Research Article

Recurrent breast cancer treated with the antioestrogen tamoxifen: correlation between hormonal changes and clinical course.

Br Med J 1977; 1 doi: https://doi.org/10.1136/bmj.1.6058.425 (Published 12 February 1977) Cite this as: Br Med J 1977;1:425
  1. K J Willis,
  2. D R London,
  3. H W Ward,
  4. W R Butt,
  5. S S Lynch,
  6. B T Rudd

    Abstract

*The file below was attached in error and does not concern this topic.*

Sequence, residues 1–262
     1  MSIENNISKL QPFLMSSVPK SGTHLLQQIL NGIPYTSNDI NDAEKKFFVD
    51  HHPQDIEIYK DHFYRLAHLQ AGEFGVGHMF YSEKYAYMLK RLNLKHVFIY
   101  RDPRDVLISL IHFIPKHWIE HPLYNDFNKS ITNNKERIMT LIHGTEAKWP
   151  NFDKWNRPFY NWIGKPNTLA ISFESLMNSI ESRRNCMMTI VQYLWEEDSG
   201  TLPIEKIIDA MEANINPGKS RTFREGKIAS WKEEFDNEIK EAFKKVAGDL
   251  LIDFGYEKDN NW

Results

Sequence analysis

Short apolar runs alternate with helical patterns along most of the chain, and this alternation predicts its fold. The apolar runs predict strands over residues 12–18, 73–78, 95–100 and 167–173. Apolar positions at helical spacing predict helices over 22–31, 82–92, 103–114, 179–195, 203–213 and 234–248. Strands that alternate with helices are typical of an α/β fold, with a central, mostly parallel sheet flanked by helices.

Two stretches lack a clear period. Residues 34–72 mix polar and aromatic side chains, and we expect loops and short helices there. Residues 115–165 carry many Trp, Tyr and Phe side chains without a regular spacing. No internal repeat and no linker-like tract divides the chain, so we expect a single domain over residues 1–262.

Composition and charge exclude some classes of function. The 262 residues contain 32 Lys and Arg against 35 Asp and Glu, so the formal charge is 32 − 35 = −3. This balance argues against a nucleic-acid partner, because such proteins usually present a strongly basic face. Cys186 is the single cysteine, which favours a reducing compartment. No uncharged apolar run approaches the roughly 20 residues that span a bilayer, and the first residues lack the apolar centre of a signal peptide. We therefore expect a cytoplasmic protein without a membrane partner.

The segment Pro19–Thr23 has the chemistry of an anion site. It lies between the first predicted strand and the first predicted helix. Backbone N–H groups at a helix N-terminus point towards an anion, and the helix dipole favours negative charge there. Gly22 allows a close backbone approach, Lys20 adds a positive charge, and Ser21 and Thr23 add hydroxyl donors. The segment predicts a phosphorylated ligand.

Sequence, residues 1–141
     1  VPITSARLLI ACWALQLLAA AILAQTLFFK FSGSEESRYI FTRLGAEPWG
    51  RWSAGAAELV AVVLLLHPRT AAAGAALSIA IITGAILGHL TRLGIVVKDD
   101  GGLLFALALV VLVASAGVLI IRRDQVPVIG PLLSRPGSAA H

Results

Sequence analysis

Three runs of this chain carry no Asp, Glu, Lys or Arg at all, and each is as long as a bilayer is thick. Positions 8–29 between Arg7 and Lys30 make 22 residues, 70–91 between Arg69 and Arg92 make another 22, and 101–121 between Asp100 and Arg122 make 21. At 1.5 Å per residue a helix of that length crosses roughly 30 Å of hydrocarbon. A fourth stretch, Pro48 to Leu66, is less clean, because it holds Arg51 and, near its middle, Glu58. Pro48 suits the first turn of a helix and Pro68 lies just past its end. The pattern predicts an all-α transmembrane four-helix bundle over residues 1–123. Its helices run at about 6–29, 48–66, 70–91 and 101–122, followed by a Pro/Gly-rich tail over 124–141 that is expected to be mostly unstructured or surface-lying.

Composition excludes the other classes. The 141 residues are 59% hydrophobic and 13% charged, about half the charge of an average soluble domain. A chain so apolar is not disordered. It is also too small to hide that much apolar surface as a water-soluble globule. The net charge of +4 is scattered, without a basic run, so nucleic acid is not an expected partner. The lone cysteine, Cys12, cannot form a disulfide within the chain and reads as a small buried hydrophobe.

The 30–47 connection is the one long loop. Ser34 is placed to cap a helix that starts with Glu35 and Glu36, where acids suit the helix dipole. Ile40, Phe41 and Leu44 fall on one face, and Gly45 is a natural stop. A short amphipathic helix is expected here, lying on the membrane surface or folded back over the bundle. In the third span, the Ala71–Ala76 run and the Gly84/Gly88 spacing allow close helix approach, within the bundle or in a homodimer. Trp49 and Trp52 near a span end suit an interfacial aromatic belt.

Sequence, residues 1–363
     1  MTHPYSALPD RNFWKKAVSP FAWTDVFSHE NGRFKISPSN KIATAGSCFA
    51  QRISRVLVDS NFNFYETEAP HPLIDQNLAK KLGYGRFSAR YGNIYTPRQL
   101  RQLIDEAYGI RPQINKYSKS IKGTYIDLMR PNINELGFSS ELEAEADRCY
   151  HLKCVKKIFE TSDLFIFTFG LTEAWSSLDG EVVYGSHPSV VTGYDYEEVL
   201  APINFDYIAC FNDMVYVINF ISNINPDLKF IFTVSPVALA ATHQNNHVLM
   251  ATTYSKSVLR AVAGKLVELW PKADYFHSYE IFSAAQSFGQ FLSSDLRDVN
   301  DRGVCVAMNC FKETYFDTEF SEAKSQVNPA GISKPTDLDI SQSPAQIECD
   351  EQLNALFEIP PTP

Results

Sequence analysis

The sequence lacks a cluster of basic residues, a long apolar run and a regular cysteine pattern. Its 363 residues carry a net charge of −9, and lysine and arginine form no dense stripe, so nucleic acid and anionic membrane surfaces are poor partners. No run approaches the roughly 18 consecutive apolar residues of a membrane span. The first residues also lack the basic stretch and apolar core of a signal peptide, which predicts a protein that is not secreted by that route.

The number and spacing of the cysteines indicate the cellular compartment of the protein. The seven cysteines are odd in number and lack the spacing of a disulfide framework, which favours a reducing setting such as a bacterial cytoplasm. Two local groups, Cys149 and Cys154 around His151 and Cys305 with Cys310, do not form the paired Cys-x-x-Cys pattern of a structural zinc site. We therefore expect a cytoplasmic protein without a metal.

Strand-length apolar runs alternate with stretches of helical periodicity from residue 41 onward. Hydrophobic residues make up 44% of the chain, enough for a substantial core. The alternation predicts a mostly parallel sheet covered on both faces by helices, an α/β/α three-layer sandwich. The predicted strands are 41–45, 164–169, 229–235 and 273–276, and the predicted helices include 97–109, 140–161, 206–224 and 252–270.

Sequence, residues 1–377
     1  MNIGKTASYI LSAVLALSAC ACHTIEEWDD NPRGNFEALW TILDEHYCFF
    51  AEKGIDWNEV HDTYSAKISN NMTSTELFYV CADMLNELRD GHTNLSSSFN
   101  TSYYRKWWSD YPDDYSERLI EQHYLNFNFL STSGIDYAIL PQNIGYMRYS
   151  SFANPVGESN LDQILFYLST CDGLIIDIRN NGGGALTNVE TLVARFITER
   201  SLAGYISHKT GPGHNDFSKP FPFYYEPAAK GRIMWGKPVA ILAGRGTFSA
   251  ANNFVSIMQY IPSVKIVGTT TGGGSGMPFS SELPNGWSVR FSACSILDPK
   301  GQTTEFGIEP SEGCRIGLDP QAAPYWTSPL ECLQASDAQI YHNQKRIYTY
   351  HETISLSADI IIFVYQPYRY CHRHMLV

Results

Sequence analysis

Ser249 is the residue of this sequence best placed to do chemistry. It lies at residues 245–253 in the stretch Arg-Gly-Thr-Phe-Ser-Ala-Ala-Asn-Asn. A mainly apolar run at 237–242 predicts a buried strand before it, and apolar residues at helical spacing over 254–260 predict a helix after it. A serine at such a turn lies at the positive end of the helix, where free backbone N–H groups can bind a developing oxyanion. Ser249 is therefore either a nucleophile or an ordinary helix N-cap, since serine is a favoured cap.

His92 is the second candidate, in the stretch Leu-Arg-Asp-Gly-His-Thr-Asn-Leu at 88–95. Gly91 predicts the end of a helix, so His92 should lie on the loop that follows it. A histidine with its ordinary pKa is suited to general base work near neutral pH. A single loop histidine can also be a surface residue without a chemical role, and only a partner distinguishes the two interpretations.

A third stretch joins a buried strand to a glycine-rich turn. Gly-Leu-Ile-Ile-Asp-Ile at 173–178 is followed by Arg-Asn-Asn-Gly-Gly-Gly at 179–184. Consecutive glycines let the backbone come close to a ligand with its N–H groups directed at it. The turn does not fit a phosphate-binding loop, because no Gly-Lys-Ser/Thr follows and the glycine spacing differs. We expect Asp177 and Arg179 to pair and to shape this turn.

Forty-five post-menopausal women with recurrent breast cancer were treated with the antioestrogen, tamoxifen, 20 mg twice daily. Clinical assessment after 12 weeks indicated that 18 (40%) showed some remission. Gonadotrophins were suppressed within two weeks to relatively constant concentrations within the post-menopausal range, responses to luteinising hormone-releasing hormone (LH-RH) did not change, and androgen concentrations remained within the normal range in all patients. Oestradiol concentrations rose steadily only in women in whom treatment failed. Serum prolactin concentrations were raised in 18 out of the 44 (41%) patients in whom they were measured; 13 of these did not respond to treatment. Treatment did not change the average prolactin concentration when this was within the normal range, but it significantly reduced prolactin concentrations in hyperprolactinaemic patients--within two weeks (P less than 0-01) in those who responded well and by six weeks (P less than 0-05) in those who showed no remission. Among patients with normal prolactin values the release of prolactin after thyrotrophin-releasing hormone was significantly greater in those with no remission than in those who responded to tamoxifen. Responses in those with hyperprolactinaemia were reduced to about half the control values, and again this change occurred faster in those who were successfully treated. Patients therefore seem to have a better chance of responding to anti-oestrogen treatment if prolactin secretion is low.